When I get up in the morning, I feel like going to work

18

2.9

90

14.3

113

17.9

171

27.1

239

37.9

3.83

3

At my job, I am very resilient, mentally

11

1.7

47

7.4

166

26.3

225

35.7

182

28.8

3.82

4

At my work, I feel bursting with energy

8

1.3

71

11.3

169

26.8

180

28.5

203

32.2

3.79

5

I can continue working productively for extra hours after my shift ends

33

5.2

90

14.3

190

30.1

152

24.1

166

26.3

3.52

Dedication

Overall Mean of the Dedication Dimension

3.95

1

To me, my job is challenging

15

2.4

36

5.7

117

18.5

205

32.5

258

40.9

4.04

2

I find the work that I do full of meaning and purpose

7

1.1

58

9.2

118

18.7

212

33.6

236

37.4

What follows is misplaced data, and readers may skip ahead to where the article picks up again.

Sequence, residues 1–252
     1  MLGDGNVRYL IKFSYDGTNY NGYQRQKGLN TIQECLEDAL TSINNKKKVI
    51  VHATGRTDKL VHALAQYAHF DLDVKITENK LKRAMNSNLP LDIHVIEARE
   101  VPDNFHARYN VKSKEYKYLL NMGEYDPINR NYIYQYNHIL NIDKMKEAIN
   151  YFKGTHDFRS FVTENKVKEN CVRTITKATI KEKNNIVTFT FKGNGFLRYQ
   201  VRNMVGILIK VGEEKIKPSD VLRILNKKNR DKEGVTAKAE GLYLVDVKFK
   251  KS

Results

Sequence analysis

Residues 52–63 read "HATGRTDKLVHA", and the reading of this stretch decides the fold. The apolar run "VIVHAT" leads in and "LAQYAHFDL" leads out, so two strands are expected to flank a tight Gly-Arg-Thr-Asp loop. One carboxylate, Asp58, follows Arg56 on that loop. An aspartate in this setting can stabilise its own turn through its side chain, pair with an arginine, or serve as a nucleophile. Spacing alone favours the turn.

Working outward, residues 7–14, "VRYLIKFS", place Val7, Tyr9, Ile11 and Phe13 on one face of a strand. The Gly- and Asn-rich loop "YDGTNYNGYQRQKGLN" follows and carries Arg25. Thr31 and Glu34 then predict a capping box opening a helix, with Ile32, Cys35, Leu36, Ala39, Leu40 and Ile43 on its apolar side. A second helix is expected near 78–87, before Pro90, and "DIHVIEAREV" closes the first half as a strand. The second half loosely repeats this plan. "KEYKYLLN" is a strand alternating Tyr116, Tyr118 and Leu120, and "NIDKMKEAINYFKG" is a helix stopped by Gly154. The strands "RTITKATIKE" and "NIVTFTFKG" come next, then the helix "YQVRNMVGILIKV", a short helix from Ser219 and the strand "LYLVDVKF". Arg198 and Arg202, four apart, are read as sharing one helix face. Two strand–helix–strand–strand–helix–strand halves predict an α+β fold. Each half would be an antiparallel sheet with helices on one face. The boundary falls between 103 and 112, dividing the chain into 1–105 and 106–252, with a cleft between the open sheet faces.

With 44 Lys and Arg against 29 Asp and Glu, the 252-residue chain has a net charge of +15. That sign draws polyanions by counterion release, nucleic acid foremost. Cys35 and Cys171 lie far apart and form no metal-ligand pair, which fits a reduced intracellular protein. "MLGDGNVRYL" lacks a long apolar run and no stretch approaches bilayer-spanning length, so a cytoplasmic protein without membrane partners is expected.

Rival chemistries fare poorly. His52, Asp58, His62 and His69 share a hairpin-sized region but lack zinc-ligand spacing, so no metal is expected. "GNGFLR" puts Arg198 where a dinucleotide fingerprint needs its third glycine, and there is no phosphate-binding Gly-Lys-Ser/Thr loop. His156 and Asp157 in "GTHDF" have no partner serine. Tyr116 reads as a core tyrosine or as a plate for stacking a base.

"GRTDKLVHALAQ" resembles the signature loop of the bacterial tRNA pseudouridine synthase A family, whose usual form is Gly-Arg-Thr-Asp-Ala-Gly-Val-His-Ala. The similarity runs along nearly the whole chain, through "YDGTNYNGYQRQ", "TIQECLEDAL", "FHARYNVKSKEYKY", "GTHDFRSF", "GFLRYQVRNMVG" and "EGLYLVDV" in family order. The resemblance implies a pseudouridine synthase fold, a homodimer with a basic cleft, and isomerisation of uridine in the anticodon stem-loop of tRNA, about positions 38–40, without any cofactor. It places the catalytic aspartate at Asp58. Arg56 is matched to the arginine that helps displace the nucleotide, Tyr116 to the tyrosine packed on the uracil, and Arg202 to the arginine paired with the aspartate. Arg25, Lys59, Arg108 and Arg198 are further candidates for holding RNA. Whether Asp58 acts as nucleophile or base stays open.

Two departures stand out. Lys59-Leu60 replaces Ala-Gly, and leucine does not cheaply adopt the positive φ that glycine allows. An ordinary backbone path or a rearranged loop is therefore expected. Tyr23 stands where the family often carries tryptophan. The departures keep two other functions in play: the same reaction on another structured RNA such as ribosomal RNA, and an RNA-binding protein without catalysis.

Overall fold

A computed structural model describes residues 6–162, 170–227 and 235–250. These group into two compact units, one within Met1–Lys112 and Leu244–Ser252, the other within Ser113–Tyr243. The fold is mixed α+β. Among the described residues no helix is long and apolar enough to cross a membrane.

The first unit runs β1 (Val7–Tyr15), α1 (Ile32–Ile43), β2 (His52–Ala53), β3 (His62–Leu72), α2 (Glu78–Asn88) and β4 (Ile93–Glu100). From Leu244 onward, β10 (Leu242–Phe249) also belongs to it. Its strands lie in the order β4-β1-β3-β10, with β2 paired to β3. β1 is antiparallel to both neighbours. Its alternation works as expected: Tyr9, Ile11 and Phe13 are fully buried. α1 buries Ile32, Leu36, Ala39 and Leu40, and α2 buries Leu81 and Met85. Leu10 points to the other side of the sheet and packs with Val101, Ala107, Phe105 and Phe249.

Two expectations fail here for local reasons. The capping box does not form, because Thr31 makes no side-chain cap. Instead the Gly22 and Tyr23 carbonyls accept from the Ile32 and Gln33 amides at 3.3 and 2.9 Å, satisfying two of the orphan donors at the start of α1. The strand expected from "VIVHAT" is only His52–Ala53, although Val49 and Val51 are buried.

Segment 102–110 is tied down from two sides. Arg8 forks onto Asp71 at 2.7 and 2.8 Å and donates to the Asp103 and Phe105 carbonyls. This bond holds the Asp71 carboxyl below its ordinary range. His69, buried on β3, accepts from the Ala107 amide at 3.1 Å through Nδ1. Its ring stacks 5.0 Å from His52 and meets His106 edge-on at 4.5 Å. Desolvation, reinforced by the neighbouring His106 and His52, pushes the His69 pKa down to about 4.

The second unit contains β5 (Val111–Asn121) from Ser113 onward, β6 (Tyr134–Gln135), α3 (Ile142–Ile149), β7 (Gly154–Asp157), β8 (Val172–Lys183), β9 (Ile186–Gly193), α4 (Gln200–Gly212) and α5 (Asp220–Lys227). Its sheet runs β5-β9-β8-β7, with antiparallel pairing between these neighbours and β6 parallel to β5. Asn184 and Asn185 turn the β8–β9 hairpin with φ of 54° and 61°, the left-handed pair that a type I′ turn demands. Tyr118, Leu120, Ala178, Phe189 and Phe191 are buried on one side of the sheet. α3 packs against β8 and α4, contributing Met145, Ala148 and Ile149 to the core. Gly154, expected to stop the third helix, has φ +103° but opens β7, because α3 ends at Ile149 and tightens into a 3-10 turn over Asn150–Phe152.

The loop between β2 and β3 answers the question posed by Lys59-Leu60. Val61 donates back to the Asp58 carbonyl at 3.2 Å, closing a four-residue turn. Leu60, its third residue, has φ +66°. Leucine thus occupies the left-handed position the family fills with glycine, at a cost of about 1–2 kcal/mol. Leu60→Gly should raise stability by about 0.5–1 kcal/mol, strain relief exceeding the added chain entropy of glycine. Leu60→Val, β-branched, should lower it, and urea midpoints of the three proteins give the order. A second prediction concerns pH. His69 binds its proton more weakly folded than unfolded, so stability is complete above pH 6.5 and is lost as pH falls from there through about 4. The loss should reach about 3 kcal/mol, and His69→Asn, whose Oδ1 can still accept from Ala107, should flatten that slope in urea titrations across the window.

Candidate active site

3.97

3

I am proud of the work that I do

9

1.4

33

5.2

145

23.0

227

36.0

217

34.4

3.97

4

I am enthusiastic about my job

12

1.9

59

9.4

130

20.6

213

33.8

217

34.4

3.89

5

My job inspires me

16

2.5

57

9.0

150

23.8

184

29.2

224

35.5

3.86

Absorption

Overall Mean of the Absorption Dimension

3.75

1

I am immersed in my work

9

1.4

48

7.6

131

20.8

204

32.3

239

37.9

3.98

2

Time flies when I'm working

19

3.0

36

5.7

180

28.5

189

30.0

207

32.8

3.84

3

When I am working, I forget everything else around me

12

1.9

57

9.0

162

25.7

224

35.5

176

27.9

3.78

4

I get carried away when I’m working

21

3.3

57

9.0

173

27.4

221

35.0

159

25.2

3.70

5

I feel happy when I am working intensely

38

6.0

83

13.2

205

32.5

165

26.1

140

22.2

3.45

Overall Mean of WE

 

3.82